The manner of speaking, used here deserves notice, God was angry with the quiet nations. It is not a superfluous repetition, when it is said, that the nations were quiet. Some render the word wealthy, but not so suitably; for as we have said before, the angel complained that while the whole world was tranquil, God severely chastised his Church alone. God then does here anticipate a temptation which would have otherwise distressed and even wholly disheartened the faithful; and he in effect says, “It is indeed true that the Gentiles all around are quiet, that there are no calamities, that there is no enemy, and that they are subject to no evils: this is no doubt true; but as I am angry, their happiness, while I am opposed to and displeased with them, is a curse.” God, then, does here elevate the thoughts of the godly, that they might know that happiness is to be found in his favor alone, and that whenever he is angry or displeased, though men may think themselves happy, and flatter themselves and exult in their condition, they are yet in a most miserable state; for all happiness is ruinous which does not flow from the fountain of God’s gratuitous love; in short, when God is not our Father, the more we abound in all kinds of blessings, the deeper we sink in all kinds of miseries. This then is the meaning, when God says that he was angry with the quiet nations.

What, then, is the application of this doctrine? That it behaved the Jews, though their condition was very hard according to the perception of men, to have yet acquiesced in the love of God, for they knew that he was their Father, and also, that though they saw their enemies happy, they were yet to regard it no otherwise than a cursed happiness. so also in the thirty-seventh Psalm, the faithful are bid not to envy the unbelieving, while they saw them flourishing in wealth and rolling in pleasures; for it behaved them to regard their end. Let us hence learn to raise up our thoughts to the contemplation of God’s hidden love, when he deals severely with us, and to be satisfied with his word, as we have there an indubitable evidence of his favor: nor let us envy our enemies and the wicked, however the whole world may applaud them, and they themselves luxuriate in their blessings, for we know that God is adverse to them.

A reason also follows, Because God was a little angry, and they helped forward the evil; that is, they exceeded moderation. The meaning is, that the reward of cruelty would be repaid to all the enemies of the Church, because they had exercised immoderate severity, when it was God’s purpose to chastise his children in a gentle and paternal manner.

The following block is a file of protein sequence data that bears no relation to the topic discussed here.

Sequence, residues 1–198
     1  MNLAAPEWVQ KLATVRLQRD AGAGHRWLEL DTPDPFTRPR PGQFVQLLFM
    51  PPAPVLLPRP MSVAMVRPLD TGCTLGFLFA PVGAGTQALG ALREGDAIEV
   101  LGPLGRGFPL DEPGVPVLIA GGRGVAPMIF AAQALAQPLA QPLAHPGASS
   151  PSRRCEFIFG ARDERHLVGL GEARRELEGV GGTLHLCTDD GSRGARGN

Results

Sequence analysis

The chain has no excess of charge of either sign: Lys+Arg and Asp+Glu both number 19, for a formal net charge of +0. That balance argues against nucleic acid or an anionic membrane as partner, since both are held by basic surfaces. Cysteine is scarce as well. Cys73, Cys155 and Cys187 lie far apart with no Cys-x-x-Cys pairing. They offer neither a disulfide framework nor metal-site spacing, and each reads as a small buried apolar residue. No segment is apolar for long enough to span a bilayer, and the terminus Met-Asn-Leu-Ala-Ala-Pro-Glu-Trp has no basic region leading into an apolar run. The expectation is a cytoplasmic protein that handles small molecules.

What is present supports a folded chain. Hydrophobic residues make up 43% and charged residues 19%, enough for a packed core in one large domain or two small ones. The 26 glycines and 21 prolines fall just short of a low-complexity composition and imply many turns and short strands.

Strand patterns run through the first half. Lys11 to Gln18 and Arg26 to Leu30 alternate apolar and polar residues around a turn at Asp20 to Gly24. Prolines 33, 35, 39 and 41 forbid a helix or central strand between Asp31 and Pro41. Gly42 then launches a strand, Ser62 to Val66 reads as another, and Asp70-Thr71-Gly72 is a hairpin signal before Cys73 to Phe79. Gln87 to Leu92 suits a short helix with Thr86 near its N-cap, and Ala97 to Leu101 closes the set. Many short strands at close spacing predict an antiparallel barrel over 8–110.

It may be here first asked, How is it that God declares that he had been a little angry with his people, since his judgment, as pronounced by his servants, was most severe?

“Whosoever shall escape the famine, shall fall by the sword;
whosoever shall escape the sword, shall fall among wild beasts.”
(Ezekiel 14:14.)

And in many other places he declares the same, that there would be no hope of pardon to the people, but that they were all to perish; that is, the whole body: “Though Noah, Daniel, and Job,” he says, “were in this city, they shall deliver only their lives; but I will not hear their prayers for this irreclaimable people.” But the particle little, מעט, mot, must be applied to the elect: for though God in his dreadful vengeance consumed almost the whole people, yet a remnant, as we know, was preserved. This is the reason why God says, that he was but little angry with his people; for he speaks not of the reprobate and of that impure mass from which he purposed to cleanse his own house; but he has respect to his covenant. We now perceive for what purpose Zechariah says, that God was but moderately angry with his people.

But another difficulty meets us — In what sense did the nations help on the evil? For it hence follows, that the heathens were not restrained from raging immoderately and at their pleasure. And this place has been also laid hold of by that miscreant, who has been lately writing against God’s providence, holding that the wicked become wanton by means of God’s hand and power, and are not thereby restrained. But this is extremely foolish; for the Prophet here does not regard what the nations were able to do or had done; but, on the contrary, he speaks of their cruelty, that they thought that there ought to have been no end until the memory of that people had been obliterated. And this is the reason why Isaiah says, “Thou hast not seen her end.” He therefore upbraids the unbelieving, that they did not calculate rightly as to the end of the Church; for the unbelieving furiously attempted to destroy it, as though that promise could be made void, “My mercy I will not take away.” Since the unbelieving did not see her end, because it was the Lord’s will ever to preserve some remnant among his chosen people, the Prophet says, that they helped forward the evil. We now then perceive the intention of the Prophet, and see that the object is no other but to sustain the hope of the faithful, until what they heard from the mouth of God really took place. Let us proceed -